The Definitive Guide To Finding Your Signature Scent Once And For All
Finding a signature scent may sound easy enough, but as anyone who has embarked on the quest will tell you, it can become a real headache. Here, fragrance expert and CEO of Scenterprises Sue Phillips shares her insider tricks for finding your perfect perfume — without having to smell every bottle in the store.
Just like you’d ask someone where they got their cute shoes or who’s responsible for their great haircut, if you meet someone whose fragrance you like, ask what they’re wearing, suggests Phillips. Look it up and you can easily figure out what fragrance family it falls into (more on that next), a helpful first step when determining what types of scents you gravitate towards.
Start with a fragrance family
The easiest way to narrow down your options is to stick within a fragrance family, a larger category of similar scents; the most common ones are fresh, floral, oriental, and woodsy. Most people innately lean towards one or two, but don’t overthink it — it’s really just about what types of smells you find appealing. “Think about what makes you happy and what scents you love. Go with your emotions, ignoring what’s currently popular or trendy,” advises Phillips.
Rely on your nose
To that same point, once you’re in the store, it’s easy to be lured in by pretty packaging or a sexy-sounding description. Ignore those, says Phillips, and go based on scent alone. Which means, yes, you’re going to have to smell a few bottles…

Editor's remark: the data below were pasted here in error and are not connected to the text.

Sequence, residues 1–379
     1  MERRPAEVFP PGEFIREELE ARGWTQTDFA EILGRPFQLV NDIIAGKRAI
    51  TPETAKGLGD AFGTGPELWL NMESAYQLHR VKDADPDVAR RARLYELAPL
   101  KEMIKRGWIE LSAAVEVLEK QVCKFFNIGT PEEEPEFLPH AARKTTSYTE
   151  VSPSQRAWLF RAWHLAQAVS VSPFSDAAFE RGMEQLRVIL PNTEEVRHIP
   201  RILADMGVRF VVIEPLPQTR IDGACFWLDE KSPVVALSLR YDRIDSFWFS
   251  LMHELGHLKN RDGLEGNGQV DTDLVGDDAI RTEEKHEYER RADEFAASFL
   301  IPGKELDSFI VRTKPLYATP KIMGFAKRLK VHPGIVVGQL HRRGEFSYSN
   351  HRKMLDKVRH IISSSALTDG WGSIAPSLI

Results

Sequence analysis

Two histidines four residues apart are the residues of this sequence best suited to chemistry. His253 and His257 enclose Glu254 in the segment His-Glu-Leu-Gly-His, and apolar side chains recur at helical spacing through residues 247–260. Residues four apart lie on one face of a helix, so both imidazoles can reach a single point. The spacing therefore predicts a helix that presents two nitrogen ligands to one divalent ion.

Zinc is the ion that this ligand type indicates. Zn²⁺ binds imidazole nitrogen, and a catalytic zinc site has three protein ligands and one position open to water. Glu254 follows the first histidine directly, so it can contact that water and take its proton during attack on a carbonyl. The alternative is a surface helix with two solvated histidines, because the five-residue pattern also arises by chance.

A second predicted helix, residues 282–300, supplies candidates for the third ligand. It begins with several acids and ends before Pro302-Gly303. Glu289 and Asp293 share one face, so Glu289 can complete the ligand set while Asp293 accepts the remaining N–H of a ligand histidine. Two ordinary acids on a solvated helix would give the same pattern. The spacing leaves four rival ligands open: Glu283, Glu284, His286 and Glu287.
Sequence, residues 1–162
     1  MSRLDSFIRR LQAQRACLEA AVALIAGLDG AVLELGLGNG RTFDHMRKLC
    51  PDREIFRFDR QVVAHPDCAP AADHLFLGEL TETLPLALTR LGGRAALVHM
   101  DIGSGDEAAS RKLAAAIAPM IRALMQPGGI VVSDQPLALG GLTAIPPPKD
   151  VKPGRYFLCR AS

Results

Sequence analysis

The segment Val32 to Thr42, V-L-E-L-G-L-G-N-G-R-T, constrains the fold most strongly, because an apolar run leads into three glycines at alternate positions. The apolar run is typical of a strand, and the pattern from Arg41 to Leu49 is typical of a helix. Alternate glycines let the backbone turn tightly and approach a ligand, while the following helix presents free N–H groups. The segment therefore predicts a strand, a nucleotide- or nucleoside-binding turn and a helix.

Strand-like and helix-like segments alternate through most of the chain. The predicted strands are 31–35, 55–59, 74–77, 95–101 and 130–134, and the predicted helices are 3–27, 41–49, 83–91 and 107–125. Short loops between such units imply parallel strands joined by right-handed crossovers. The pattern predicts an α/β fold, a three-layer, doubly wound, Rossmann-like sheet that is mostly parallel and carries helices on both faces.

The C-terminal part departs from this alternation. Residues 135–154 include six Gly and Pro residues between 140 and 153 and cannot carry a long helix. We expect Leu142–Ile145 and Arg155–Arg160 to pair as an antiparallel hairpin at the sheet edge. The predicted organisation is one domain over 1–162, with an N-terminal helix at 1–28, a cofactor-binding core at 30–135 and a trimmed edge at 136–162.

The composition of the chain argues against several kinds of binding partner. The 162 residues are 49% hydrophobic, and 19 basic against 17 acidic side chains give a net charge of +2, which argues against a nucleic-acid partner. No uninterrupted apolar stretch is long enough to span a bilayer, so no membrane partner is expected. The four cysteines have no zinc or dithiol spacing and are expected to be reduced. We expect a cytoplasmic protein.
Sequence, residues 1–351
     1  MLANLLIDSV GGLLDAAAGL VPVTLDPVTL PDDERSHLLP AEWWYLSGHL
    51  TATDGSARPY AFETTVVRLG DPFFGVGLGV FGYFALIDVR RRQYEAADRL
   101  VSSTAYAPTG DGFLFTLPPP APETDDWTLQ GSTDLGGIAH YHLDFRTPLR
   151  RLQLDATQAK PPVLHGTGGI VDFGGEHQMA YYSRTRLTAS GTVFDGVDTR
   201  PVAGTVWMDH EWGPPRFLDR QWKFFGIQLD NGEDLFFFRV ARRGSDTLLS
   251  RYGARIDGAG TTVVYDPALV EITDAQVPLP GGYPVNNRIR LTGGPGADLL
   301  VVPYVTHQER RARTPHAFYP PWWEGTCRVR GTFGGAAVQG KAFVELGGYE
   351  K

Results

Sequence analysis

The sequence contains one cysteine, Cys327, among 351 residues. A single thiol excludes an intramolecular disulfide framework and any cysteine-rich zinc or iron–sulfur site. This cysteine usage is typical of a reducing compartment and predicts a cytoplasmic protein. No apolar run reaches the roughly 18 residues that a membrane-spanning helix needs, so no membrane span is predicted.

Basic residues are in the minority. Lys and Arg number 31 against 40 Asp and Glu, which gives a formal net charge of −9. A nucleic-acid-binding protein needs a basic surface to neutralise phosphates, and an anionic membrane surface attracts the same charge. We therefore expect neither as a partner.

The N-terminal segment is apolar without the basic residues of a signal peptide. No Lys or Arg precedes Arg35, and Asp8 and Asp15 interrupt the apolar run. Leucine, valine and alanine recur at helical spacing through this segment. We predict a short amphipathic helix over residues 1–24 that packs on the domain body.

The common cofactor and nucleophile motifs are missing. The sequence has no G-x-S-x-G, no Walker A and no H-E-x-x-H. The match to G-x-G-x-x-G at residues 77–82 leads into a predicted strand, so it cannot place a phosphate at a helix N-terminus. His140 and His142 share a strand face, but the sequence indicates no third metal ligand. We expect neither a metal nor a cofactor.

But keep actual smelling to a minimum
More specifically, that means smelling no more than three fragrances at any given time, says Phillips. Any more and you risk becoming onosmic (aka nose blind) since your olfactory system is getting more of a workout than it’s used to, she explains. Take a break in between each one, and if you feel like things are starting to blur together, sniffing a tissue can help; its neutral scent acts like a reset button for your sense of smell.
Take any final picks for a test run
“Remember that perfumes smell different on different people,” says Phillips. They interact with your body chemistry, which is why it’s important to actually try on any fragrance you’re considering purchasing. Fragrances are also made up of notes that develop over time, so even if you initially love a top note (what you first smell), you may not feel the same way about the middle or end notes that appear as it dries down, points out Phillips. Once you’ve found a strong contender, ask for a sample so that you can wear it for at least a full day before committing.
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